In this tutorial, we’ll be discussing Python Intellisense and its Autocomplete installation. Python Intellisense provides users with intelligent code completions based on their source code analysis and language semantics.
Python Intellisense is a good starter for familiarizing the native functions available depending on a specific element or method we’ll use.
Let’s start by adding a couple more cells to our Jupyter Notebook. You can do this by typing esc+B. Now that I have added more cells, I’ll type in our variable data. As we type in any letters, the list of members shown is filtered to only include members containing our typed characters.
By typing in a dot (.), you’ll see a list of available functions that we can use as we type in a specific character. Intellisense can be triggered by typing Ctrl+Space or a trigger character such as the dot (.) in any editor window.
Setting Up Python Intellisense In Jupyter Notebook
To set up Python IntelliSense in Jupyter Notebook, navigate to your command prompt. If you have already installed Python with Anaconda, just use your Anaconda prompt. We use this to install the packages that we want.
With my Anaconda prompt, I’ll install a package called ‘contrib_nbextensions’. This package contains an extension called Hinterland that enables a code autocompletion menu for every keypress in a code cell instead of only enabling it with a tab in your Jupyter Notebook. This extension can help us better understand Python functions and make our coding more efficient.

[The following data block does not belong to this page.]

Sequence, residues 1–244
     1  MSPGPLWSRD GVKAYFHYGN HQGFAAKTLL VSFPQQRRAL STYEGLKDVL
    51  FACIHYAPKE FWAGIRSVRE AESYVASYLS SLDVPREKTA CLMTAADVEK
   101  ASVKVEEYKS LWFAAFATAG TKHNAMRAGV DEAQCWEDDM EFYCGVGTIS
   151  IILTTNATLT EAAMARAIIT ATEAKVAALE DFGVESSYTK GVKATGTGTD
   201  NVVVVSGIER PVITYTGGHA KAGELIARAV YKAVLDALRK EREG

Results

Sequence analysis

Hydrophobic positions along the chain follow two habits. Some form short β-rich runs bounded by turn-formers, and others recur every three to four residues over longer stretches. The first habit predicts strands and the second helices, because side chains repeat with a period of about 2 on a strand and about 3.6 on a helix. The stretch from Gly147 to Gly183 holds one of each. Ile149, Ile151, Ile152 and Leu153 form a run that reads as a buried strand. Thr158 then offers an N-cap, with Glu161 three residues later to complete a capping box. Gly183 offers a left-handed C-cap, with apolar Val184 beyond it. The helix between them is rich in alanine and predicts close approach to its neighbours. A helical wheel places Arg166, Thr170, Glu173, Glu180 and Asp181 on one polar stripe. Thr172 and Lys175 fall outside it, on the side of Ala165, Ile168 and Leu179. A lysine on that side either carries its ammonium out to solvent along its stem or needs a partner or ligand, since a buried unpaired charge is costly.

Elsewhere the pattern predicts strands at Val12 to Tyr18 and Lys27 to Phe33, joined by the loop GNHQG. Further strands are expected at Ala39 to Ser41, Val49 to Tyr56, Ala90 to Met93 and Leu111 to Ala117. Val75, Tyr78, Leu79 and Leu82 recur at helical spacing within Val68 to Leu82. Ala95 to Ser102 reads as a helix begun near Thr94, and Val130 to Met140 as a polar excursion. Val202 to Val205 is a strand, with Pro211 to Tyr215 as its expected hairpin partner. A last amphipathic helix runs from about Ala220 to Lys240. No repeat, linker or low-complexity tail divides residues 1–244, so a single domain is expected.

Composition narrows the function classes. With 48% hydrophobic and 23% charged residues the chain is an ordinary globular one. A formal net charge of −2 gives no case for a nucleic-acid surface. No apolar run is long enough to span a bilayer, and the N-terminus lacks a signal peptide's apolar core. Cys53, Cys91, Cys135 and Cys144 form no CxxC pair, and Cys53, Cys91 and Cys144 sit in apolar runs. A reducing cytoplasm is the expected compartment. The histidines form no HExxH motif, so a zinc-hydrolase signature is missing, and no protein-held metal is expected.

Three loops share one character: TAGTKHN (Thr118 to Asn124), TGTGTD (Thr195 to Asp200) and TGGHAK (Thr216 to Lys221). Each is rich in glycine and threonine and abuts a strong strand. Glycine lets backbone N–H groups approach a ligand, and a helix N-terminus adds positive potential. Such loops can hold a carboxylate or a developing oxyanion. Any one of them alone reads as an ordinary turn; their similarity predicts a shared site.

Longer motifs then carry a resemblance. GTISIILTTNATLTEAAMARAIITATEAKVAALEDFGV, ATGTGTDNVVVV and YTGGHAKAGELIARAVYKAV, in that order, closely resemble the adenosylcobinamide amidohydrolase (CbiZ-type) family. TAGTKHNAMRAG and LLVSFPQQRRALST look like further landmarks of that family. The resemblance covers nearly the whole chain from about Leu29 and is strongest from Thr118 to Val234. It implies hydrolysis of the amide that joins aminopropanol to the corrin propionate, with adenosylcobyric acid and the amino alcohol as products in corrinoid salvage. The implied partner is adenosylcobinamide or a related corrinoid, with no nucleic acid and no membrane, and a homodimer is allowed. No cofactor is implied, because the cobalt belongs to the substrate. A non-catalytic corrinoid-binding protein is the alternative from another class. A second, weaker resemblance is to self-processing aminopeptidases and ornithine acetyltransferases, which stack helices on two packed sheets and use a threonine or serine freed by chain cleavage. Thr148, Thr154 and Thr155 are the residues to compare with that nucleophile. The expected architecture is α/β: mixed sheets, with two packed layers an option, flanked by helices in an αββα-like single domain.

Installing Intellisense and Autocomplete For Jupyter Notebook
In our Anaconda prompt, we’ll use the command ‘pip install’ to install the package we’re looking for. Then type in ‘jupyter_contrib_nbextensions’ and click enter.
After doing that, we’ll be able to see all of the different contrib nbextensions that are installed in our Jupyter Notebook.
Next, we’re going to navigate back over to our Jupyter Notebook homepage. Then click on the ‘Nbextensions’ tab. If ever you encounter an issue loading your homepage, you can just reopen your Jupyter Notebook and it should be able to load.
Initially, we’ll see a prohibition sign and an exclamation circle sign on the left side of every configurable nbextensions that we have in our Jupyter Notebook.
The prohibition sign indicates unclicked or uninstalled contrib nbextension, while the exclamation circle sign indicates clicked or installed contrib nbextensions.
On the upper left corner, you’ll notice a box with a checkmark. That prevents us from clicking or installing any of our configurable nbextensions. Just uncheck the box so we can navigate and install the configurable nbextensions we want or need. Since we need to install Intellisense, let’s click on the extension Hinterland.
Let’s now go back to our Python Notebook. As we type in characters in our code cell, more suggestions of functions are made available. This includes the list of simple to complex members that we’re able to be familiar with and study.
In brief, Python Intellisense helps us reduce or prevent syntactical or typographical errors. It enables us to evaluate codes as we type and use a few keystrokes to implement certain code aspects. It also allows us to be more efficient in code writing and tracking our activities to reduce errors and improve accuracy.
I hope you’re able to understand how Python Intellisense works and how it’s essential for users regarding code making. If you’d like to know more about this topic and other related content, you can certainly check out the list of relevant links below.
All the best,
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